Sunday, May 12, 2013
by Rachel Hartman New York : Random House, 2012.
The forty year celebration of the treaty between humans and dragons is approaching. When Prince Rufus is found killed dragon-style (he was decapitated), the tentative peace is on shakier ground than ever before. Seraphina, working as the assistant to Viridius, the head of music and composing at the castle, has a secret of her own that may shatter her life and the peace of the realm if it ever gets out.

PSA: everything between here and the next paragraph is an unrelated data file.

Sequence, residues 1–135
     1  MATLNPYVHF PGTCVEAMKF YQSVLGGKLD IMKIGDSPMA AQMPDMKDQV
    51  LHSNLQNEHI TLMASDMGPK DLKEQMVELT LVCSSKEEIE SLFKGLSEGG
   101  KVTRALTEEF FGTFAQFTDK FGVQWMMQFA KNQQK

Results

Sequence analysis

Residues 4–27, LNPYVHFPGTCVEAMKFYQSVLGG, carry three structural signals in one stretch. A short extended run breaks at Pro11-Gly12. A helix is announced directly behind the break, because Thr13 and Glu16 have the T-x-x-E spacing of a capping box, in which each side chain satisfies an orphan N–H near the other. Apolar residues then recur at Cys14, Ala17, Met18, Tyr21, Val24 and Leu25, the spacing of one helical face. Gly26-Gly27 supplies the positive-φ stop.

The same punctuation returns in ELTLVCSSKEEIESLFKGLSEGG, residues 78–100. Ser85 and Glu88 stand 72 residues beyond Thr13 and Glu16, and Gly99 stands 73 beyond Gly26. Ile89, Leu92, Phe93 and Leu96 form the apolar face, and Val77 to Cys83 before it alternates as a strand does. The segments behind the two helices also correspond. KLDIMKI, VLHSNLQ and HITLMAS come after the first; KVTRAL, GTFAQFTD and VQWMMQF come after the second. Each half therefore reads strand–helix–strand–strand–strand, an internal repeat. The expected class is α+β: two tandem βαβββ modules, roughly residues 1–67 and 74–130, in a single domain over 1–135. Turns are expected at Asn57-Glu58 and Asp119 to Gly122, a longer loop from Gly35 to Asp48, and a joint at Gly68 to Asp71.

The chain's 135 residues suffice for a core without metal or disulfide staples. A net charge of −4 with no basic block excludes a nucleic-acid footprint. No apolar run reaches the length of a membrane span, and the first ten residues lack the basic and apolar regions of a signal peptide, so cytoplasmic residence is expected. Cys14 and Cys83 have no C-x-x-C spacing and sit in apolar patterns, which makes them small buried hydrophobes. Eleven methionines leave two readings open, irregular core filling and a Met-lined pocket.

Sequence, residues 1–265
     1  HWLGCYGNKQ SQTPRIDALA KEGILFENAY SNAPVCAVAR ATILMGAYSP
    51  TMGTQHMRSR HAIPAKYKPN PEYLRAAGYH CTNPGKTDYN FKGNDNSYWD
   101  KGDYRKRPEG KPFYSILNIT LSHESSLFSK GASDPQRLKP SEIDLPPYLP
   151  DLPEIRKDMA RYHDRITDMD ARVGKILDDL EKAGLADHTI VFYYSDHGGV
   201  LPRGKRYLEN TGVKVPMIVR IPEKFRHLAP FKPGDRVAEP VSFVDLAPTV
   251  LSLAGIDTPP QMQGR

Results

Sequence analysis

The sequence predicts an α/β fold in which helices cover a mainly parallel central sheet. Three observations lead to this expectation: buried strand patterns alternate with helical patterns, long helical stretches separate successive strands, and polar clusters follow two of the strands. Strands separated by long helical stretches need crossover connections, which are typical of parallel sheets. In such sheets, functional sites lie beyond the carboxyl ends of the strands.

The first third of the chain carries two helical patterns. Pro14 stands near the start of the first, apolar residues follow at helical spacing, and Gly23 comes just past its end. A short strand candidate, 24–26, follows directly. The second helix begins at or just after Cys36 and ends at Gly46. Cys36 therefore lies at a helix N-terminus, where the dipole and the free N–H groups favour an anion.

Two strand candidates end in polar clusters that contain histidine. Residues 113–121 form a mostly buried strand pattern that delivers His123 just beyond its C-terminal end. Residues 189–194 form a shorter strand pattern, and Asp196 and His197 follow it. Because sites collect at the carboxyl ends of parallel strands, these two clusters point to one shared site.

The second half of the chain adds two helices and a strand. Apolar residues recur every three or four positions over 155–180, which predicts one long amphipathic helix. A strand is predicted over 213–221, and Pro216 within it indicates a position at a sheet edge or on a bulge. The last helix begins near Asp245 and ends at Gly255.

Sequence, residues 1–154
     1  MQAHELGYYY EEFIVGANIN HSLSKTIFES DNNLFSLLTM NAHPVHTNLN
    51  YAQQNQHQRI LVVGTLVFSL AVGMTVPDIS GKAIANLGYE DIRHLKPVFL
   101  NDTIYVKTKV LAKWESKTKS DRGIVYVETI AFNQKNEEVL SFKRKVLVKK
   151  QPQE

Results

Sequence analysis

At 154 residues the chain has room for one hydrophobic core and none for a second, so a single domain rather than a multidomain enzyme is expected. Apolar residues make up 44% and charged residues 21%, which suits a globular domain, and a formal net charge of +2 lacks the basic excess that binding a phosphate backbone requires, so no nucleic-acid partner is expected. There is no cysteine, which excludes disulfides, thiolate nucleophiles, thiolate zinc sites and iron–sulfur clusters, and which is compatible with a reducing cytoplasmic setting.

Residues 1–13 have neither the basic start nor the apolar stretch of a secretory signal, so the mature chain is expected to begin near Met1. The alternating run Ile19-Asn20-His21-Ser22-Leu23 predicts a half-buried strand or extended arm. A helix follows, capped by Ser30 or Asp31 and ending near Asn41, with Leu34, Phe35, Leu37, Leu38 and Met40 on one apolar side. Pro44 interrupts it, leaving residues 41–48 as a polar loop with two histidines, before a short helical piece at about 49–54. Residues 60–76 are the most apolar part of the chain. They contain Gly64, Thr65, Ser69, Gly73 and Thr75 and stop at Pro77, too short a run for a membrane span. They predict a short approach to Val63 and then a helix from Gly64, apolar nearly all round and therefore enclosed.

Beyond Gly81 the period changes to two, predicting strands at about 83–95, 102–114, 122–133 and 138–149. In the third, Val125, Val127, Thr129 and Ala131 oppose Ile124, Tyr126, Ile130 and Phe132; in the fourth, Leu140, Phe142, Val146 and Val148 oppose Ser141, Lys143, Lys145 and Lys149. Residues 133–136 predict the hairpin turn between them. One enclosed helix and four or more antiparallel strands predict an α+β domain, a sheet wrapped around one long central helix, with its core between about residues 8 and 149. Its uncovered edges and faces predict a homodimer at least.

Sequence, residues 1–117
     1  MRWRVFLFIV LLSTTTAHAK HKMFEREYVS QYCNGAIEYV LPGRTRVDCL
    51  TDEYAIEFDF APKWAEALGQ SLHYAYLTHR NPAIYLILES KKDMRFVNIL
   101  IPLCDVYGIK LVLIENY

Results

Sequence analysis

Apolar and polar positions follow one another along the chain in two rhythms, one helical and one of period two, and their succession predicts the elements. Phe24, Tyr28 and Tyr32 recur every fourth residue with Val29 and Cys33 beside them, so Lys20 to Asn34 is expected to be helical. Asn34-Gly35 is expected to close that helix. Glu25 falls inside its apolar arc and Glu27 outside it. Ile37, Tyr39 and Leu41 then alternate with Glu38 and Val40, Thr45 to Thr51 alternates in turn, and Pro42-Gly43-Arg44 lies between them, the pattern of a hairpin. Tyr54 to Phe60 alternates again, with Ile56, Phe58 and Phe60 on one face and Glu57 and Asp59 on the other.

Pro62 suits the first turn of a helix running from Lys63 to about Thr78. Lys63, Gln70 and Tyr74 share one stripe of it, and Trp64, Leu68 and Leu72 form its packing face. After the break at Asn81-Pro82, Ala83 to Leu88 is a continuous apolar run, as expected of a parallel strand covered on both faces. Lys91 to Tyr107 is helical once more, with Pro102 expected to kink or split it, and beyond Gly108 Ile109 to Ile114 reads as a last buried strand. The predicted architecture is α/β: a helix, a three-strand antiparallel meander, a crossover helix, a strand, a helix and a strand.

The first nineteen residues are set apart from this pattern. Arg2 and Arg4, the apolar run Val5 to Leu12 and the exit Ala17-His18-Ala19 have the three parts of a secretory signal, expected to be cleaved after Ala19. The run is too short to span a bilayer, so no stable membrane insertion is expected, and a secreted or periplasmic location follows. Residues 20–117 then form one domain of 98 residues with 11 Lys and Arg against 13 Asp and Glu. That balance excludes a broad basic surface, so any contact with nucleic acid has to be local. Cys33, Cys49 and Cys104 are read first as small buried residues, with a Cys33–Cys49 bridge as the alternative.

I found this book tough to put down. The world-building is fabulous. The situation with the dragons is really inventive, and I loved how the dragons think so very logically, as well as the details about how they take human form within the city. I really liked how important music was. Seraphina was a sympathetic and complex character, and I enjoyed being in her head through the first-person narration, as well as her interactions with other characters, particularly Princess Glisselda and Prince Lucian.